Two competitors face each other on the mat or in the ring. There, they measure power and technique to see who can win a fight. But sometimes they also share a few words with one another — friendly or not.
This phenomenon involving BJJ and MMA fighters isn’t new, but it was particularly visible last weekend. Thiago Marreta of TFT was fighting in the UFC’s middleweight division and came face to face with first-timer Kevin Holland. Known for carrying himself in an atypical manner, which includes pulling some crazy moves and having conversations during his fights, Holland was pretty chatty, and Marreta went along with it, as reported by Combate.com in a recent interview.
“He showed potential, personality,” Marreta told the website. “He was happy to be there, smiling, talking, but at no point was he disrespectful. In the middle of the fight, he was thanking me for the opportunity. Me in his guard, on top, hitting him, there were times he’s stop and say, ‘Thank you, brother. Thank you for the opportunity.’
“I knew he was like that — I’ve seen his fights. I knew he was happy to fight me, as if he were a fan of mine. I also got in the mood and thanked him. We talked during the fight. I thanked him too: ‘Great fight. You’re a very tough guy.’ At the end I told him, ‘You’re young. You have a long road ahead — you’re very tough.'”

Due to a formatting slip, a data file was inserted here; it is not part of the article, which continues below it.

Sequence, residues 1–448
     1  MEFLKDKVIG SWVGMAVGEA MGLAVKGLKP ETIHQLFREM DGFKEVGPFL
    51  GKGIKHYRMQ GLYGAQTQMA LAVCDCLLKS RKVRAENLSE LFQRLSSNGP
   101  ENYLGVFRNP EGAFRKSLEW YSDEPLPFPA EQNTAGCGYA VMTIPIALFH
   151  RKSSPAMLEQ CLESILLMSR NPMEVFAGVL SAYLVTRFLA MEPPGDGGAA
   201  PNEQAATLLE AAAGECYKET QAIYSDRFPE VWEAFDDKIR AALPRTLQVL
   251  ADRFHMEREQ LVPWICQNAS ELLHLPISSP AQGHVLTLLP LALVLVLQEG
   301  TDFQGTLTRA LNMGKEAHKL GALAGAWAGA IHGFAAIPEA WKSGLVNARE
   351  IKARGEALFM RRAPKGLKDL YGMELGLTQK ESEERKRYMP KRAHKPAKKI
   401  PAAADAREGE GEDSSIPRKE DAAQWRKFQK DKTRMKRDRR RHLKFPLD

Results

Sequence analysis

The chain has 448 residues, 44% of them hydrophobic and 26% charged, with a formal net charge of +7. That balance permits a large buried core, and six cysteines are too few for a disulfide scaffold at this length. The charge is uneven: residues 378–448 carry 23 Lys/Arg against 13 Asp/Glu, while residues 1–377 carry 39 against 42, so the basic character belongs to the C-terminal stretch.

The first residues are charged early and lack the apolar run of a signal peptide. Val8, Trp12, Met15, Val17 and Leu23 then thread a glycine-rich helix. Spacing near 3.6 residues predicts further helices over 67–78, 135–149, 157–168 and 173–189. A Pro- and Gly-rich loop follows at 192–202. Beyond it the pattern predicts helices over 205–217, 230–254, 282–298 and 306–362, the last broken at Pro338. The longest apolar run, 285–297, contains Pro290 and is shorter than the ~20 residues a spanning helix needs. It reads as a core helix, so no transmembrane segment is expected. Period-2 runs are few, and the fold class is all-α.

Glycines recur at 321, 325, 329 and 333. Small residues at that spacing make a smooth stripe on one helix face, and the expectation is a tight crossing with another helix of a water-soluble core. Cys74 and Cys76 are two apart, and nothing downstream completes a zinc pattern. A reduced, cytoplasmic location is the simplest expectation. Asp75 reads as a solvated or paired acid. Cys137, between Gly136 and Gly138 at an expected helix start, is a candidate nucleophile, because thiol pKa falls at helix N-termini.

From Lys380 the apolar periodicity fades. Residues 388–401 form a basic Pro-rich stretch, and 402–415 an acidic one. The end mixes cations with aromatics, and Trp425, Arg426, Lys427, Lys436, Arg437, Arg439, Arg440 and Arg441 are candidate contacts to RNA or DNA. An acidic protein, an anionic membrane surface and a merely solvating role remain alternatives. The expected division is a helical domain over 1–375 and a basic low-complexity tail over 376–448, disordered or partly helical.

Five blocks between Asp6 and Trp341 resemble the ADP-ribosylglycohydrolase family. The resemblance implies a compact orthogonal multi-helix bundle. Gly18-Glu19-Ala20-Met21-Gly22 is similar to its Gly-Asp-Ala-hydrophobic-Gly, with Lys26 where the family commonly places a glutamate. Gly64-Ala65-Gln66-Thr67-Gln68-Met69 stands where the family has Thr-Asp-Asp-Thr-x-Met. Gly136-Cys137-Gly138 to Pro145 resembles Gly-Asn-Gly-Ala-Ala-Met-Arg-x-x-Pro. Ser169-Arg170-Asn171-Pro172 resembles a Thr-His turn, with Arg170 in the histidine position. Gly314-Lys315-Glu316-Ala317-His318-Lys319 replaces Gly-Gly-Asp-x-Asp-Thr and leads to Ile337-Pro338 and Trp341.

We have other examples in MMA, like Michael Bisping, who used to talk to his opponents trying to destabilize them during a bout, or the more recent case of Renzo Gracie, who talked to his cornermen before picking up the pace to win at ONE FC: Reign of Kings. In BJJ, we have a few examples too — like Erberth Santos, who not only says to his opponents’ faces that their submission adjustments aren’t quite on point with sentences like “That doesn’t work,” but has also been involved in some heated discussions on the mat with the likes of Bernardo Faria and Leandro Lo.
Do you think this sort of interaction during a fight makes these sports richer? Let us know in the comments.